Published on July 22, 2021, 11:31 a.m.

“Education is the most powerful weapon you can use to change the world.”
Education is the key to reducing poverty, eradicating gender inequality, creating a sustainable planet, preventing needless deaths and illness, and fostering worldwide peace. In today’s world, education is the currency by which nations maintain economic competitiveness and global prosperity. Education is the only investment that guarantees you a sure return for most countries around the world. The UN’s Millennium Development Goals (MDGs) of providing universal primary education to all and eliminating gender inequities, has propelled many nations and multi-governmental organizations to boost educational spending. (Source: USAID Report 2013).
The 8-4-4 system of education in Kenya was adopted back in 1985. Various developments on Kenya’s education system have been done over the years. In 2003, the Government of Kenya instituted a free primary education for all program, and later on did the same for secondary education in 2008. This saw nearly three million more students enrol into primary school in 2012 than in 2003 and the number of schools has grown by 7,000. 
As soon as the Covid-19 virus was declared a pandemic, the education system in Kenya was severely affected. Schools were immediately shut down so as to contain the spread of the virus among children. The World Bank stepped in and gave a grant support of US$11 million for the period 2020-2021. The grant was aimed at supporting the following seven areas:
  • expanding access and delivery of online content to all students in basic education through radio, television, e-cloud, and mobile phones
  • training teachers and curriculum supervision officers in distant teaching methodologies
  • an integrated monitoring and evaluation system for remote learning interventions
  • parents and caregivers to monitor student learning
  • protection and safety of all learners, especially girls, during school closures
  • a smooth transition back to school through a school meals program; mentorship services for girls, including girls with special needs and disability; online psychosocial support services; communication on gender-based violence prevention for teachers, parents, and students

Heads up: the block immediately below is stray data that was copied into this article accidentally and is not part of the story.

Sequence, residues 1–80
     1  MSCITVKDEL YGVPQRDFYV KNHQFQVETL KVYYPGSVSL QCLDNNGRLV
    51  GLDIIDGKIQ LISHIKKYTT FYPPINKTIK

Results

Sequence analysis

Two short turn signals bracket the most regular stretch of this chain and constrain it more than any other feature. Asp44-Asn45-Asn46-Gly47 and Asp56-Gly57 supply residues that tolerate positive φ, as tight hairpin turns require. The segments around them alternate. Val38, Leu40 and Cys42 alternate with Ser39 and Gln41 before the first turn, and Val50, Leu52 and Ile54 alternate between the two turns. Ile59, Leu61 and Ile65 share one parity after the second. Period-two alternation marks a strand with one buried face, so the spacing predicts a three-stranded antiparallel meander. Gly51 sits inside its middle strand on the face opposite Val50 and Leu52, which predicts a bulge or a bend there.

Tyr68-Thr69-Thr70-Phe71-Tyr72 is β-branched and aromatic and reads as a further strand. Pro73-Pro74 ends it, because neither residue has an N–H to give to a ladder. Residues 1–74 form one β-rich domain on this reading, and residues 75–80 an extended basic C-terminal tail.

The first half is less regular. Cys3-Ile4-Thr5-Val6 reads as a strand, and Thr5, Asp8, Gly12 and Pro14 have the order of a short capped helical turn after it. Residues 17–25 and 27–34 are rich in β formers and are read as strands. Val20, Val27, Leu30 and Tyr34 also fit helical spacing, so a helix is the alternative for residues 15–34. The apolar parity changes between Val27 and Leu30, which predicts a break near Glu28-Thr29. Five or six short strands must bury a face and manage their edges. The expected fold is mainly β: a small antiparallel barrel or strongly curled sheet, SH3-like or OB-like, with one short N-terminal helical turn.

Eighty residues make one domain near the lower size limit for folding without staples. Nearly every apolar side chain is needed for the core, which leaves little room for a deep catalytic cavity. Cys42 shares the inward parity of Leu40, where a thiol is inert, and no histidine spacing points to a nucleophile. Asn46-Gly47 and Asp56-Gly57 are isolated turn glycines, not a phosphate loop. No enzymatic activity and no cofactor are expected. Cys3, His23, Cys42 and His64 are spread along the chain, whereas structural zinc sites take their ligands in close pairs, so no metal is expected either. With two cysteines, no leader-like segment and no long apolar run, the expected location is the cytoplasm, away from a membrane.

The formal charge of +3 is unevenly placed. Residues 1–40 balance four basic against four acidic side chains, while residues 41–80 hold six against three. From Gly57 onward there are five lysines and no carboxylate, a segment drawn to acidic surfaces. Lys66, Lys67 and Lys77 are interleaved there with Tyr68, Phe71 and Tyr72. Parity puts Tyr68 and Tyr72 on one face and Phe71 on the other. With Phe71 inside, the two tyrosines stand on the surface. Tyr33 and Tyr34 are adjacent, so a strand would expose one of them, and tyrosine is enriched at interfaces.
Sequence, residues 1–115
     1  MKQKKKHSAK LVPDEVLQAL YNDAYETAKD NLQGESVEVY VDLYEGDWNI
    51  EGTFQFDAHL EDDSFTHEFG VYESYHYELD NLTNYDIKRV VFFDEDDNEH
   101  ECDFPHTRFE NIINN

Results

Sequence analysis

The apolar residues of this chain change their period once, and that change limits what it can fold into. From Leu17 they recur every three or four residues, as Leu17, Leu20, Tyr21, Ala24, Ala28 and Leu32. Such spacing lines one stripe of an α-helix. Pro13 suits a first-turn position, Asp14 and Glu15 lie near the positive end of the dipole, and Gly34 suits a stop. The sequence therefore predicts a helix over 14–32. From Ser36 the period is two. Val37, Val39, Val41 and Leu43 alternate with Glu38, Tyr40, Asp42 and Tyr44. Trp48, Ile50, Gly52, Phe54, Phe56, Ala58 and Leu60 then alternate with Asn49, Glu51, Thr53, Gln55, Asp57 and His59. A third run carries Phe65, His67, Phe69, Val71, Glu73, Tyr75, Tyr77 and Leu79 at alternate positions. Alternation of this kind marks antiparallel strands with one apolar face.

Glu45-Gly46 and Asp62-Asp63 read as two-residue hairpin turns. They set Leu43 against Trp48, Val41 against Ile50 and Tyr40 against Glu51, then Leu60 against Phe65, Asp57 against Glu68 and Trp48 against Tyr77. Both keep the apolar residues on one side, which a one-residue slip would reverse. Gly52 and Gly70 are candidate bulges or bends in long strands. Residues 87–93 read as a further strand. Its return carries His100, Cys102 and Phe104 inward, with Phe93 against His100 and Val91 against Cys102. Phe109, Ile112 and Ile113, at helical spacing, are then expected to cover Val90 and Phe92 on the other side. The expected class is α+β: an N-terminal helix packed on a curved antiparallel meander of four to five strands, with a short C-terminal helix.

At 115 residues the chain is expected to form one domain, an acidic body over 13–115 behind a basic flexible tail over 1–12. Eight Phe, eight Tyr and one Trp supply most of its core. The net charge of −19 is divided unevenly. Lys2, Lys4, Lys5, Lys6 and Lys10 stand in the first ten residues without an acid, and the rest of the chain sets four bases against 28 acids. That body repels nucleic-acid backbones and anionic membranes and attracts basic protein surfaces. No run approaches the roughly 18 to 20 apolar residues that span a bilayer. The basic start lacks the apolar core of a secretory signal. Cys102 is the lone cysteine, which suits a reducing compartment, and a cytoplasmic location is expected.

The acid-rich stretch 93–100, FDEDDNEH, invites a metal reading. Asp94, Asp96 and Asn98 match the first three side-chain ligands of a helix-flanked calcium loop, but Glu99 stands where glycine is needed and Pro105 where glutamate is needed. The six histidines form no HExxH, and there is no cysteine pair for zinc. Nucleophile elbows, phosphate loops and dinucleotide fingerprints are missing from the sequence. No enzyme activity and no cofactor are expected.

• building capacity of ministry staff to conduct virtual meetings during the COVID-19 period and beyond.
In 2017, the World Economic Forum rated Kenya’s education system as the strongest on the African continent. In 2018, World Bank ranked Kenya the top African country for education outcomes which translates to first out of forty-three mainland countries. In 2019, a Kenyan was named the most outstanding teacher in the world and awarded a prestigious $1million.
Education is vital to attaining Kenya’s vision 2030 and the country has made remarkable progress in its Education sector over the past decade. President Uhuru Kenyatta and the UK Prime Minister Boris Johnson will co-host the UK-Africa Education Summit from 28th – 29th July 2021. The summit seeks to raise funds for the Global Partnership for Education as it seeks a $5 billion replenishment. It comes as campaigners warn that students around the world are facing the biggest education emergency in decades, as schools have closed and economies contracted, putting pressure on children to seek work.

  1. USAID Education: The Most Powerful Weapon for Changing the World by Arne Duncan, U.S. Secretary of Education 2013. Source link.
  2. GPE Transforming Education Financing 2025. Source link.
  3. World Education News + Reviews. Source link.
  4. BBC News - Kenyan science teacher wins global prize. Source link.
  5. Global Education Summit. Source link.